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NYC looks to convert offices into apartments

By BELINDA ROBINSON in New York | chinadaily.com.cn | Updated: 2023-02-01 10:51

New York City Mayor Eric Adams speaks at the Jacob Javits Convention Center in Manhattan in New York City, Nov 10, 2022. [Photo/Agencies]

New York City Mayor Eric Adams wants to rezone Midtown Manhattan to allow property developers to turn unused offices into apartments over the next decade as the city faces a deepening housing affordability crisis, and offices have been severely underutilized since the COVID-19 pandemic mainstreamed remote work.

The city, the largest office hub in the United States, has more 600 million square feet of office space that has generated approximately $6 billion in annual property tax.

Adams announced the plan in his second State of the City address on Jan 26. Specific attention also will be paid to updating zoning regulations in the Garment District between West 23rd Street and 41st Street to convert offices to apartments.

Adams and other officials provided more details earlier in January about their overall efforts to turn offices into apartments in the "New York City Office Adaptive Reuse Study''.

The recommendations in the study are based on findings by a coalition of real estate professionals and government agencies.

"As our important commercial districts evolve in response to the last two years, we want to ensure that outdated office buildings can be converted to more in-demand uses, such as desperately needed homes for New Yorkers," said Dan Garodnick, chair of the city's planning commission.

The first step in converting offices to apartments will be easing what officials say are outdated zoning restrictions. They regulate the use and physical dimensions of buildings and dictate whether they can be converted into residential properties.

For properties with offices built before December 1990, the city wants to allow the conversion of 120 million square feet of office space. Altogether, approximately 20,000 new units could be created over 10 years.

The conversion plans would affect vacant offices in Midtown Manhattan and other boroughs.

Yildiray Yildirim, a real estate professor at Baruch College, acknowledged the difficulties caused by old zoning laws if property owners choose to convert their buildings.

"Some landlords may want to convert their commercial space to residential use in response to the current struggle in managing office buildings, particularly in New York City," Yildirim told China Daily. "However, conversion is always accompanied by various zoning and regulations."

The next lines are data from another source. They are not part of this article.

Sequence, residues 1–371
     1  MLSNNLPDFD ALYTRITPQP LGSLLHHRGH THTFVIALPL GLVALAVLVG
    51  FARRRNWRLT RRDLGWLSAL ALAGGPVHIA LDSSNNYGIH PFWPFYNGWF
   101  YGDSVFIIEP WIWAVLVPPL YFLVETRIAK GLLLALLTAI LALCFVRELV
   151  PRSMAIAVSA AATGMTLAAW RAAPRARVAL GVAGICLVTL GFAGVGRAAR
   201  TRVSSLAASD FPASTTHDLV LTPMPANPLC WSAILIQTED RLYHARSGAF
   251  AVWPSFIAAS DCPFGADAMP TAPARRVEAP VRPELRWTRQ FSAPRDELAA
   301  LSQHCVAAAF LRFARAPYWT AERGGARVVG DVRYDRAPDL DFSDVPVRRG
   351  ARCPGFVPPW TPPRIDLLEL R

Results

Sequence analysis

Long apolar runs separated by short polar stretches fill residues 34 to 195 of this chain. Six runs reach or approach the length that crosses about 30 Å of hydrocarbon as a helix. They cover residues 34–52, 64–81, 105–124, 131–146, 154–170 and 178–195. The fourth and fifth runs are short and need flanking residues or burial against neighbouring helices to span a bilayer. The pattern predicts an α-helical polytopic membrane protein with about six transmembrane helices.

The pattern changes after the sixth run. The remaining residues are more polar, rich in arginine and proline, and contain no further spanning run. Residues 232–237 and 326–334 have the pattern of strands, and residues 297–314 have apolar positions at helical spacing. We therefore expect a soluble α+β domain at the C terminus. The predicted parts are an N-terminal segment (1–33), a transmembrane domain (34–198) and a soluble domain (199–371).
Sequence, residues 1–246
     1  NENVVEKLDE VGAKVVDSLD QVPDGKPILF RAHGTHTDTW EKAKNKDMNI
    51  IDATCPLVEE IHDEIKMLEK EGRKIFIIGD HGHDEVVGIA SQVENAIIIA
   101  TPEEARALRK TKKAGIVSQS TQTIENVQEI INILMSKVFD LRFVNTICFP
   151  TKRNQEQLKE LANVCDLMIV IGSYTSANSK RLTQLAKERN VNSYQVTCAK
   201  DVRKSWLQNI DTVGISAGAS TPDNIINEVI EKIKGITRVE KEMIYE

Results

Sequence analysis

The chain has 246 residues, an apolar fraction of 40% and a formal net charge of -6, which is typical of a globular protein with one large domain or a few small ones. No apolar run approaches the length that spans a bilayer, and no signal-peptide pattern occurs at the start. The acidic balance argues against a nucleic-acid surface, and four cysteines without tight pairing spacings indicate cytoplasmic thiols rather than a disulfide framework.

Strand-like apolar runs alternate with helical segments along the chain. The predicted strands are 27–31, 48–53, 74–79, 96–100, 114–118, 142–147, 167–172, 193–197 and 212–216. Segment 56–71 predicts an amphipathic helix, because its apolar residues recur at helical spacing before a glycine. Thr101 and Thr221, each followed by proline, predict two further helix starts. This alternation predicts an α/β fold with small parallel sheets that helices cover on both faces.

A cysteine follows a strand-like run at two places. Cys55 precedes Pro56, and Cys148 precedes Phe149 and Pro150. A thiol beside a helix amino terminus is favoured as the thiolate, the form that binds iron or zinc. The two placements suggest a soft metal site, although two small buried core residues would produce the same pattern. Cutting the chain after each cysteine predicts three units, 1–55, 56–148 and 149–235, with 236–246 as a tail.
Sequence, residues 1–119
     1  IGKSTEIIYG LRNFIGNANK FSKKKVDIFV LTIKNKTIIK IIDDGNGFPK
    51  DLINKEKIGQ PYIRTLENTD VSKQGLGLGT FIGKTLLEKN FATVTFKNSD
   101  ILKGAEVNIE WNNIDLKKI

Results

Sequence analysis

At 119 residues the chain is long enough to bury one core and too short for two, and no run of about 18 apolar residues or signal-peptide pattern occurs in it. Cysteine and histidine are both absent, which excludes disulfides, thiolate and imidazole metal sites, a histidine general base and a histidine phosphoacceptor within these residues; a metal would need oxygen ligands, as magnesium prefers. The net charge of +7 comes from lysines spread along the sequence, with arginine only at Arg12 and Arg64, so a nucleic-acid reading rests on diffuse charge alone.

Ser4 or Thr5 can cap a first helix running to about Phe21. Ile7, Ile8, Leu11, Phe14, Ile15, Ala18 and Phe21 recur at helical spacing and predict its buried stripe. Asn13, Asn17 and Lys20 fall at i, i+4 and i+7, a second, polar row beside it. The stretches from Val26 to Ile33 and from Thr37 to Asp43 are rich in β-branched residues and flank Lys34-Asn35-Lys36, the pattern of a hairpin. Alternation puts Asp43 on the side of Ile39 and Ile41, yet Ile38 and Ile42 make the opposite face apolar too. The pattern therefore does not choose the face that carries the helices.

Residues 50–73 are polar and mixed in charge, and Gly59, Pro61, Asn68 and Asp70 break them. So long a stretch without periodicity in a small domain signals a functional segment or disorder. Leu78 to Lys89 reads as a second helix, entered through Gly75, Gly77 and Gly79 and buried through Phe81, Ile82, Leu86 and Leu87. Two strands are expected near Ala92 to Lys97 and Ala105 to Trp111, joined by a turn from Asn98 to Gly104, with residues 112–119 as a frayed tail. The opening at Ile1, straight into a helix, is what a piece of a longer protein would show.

In New York City, office work takes up nearly a third of all jobs, compared to a quarter in the rest of the state, data from the New York state comptroller's office showed.

But many employees have been working from home or in a hybrid capacity since March 2020, when offices across the city first closed to protect people from COVID-19.

The continued work-from-home trend has led some office leaseholders or owners in New York to delay or downsize leasing office space.

That has caused a significant increase in the city's office-availability rate, reaching levels not seen for several decades.

In Manhattan, the percentage of office space available to rent increased from around 10 percent pre-pandemic to around 20 percent in the third quarter of 2022. By the fourth quarter of 2022, Manhattan had a total office availability rate of 18.7 percent, with Midtown at 17.7 percent.

New York City has converted offices into apartments for decades. Since 1995, 20 million square feet of offices in the Financial District were made into 17,000 homes, according to the city.

From 2010 to 2020, approximately 7 million square feet of office space was converted into around 4,300 residential units without government subsidies or other forms of financial support.

However, only 3 out of 78 office buildings that were sold in Manhattan since the start of the pandemic until November are earmarked to be converted into offices, according to Avison Young, a commercial real estate company.

Data from Kastle Systems, which records building-access-card swipes, shows that the average number of employees in New York who went into the office in November 2022 was less than half than prior to the pandemic.

Employers surveyed by the Partnership for New York City in September 2022 said that a more flexible approach to work looks set to continue for the foreseeable future.

The survey found that at least 77 percent of office-based employers said that a hybrid schedule would be their predominant "post-pandemic" policy because employees preferred it.

At the start of the pandemic, at least 128,000 jobs in office-based industries were lost, the report states. By October 2022, employment in office-based industries had largely recovered, but physical office attendance still has not.

That and other changes to the way people work nationwide could mean the value of US office buildings will plunge 40 percent by 2029 or $411 billion, says Stijn Van Nieuwerburgh, a professor in real estate at Columbia University's Business School.

Van Nieuwerburgh told China Daily: "[There are] more short-term leases, tenants are either not renewing leases or renewing leases but taking less space, some tenants are taking less space but in higher-quality, newer buildings."

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